[PAST EVENT] Daniel Albert Salmon: Physics Dissertation Defense
Daniel Albert Salmon , Final Oral Examination for the Ph.D., Title: "Dynamics of Systems with Hamiltonian Monodromy."
Abstract: A system is said to have ?monodromy? if, when we carry the system around a closed circuit, it does not return to its initial state. The simplest example is the square-root function in the complex plane. A Hamiltonian system is said to have ?Hamiltonian monodromy? if its fundamental action-angle loops do not return to their initial topological state at the end of a closed circuit. These changes in topology of angle loops carry through to other aspects of these systems, including the classical dynamics of families of trajectories, quantum spectra and even wavefunctions. This topological change in the evolution of a loop of classical trajectories has been observed experimentally for the first time, using an apparatus consisting of a spherical pendulum subject to magnetic potentials and torques. Presented in this dissertation are the details of this experiment, as well as theoretical calculations on a novel system: a double welled Mexican-hat system with two monodromy points.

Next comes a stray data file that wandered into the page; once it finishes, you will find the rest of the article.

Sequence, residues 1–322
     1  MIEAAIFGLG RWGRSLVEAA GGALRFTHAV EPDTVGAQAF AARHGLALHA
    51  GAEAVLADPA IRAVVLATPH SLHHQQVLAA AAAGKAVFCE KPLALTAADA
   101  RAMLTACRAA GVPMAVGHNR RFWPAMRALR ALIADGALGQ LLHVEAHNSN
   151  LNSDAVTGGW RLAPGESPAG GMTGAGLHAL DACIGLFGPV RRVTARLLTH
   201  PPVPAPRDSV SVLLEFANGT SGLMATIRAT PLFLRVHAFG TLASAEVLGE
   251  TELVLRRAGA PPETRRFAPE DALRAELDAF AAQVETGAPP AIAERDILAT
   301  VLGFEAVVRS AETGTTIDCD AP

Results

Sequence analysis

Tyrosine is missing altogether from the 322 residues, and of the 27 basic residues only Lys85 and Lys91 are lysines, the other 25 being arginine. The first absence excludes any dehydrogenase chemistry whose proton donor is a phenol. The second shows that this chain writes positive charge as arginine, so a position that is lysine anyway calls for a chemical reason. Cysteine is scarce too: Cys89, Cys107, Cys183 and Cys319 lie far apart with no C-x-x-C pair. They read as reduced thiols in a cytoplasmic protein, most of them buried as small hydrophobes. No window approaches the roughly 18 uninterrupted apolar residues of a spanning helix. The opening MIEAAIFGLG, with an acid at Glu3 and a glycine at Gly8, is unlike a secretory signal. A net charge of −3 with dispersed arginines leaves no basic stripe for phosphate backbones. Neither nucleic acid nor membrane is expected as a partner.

Bio: Daniel Salmon was born in Raleigh, North Carolina and raised in the nearby town of Apex. He began attending North Carolina State University in 2008, and graduated with a Bachelor of Science in Physics in 2012. Upon completing his degree, Daniel chose to pursue a Ph.D in physics at William & Mary, where he has worked with Prof. John Delos on systems with Hamiltonian monodromy. After graduation, he will be moving to Anchorage, where he has accepted a teaching position at the University of Alaska.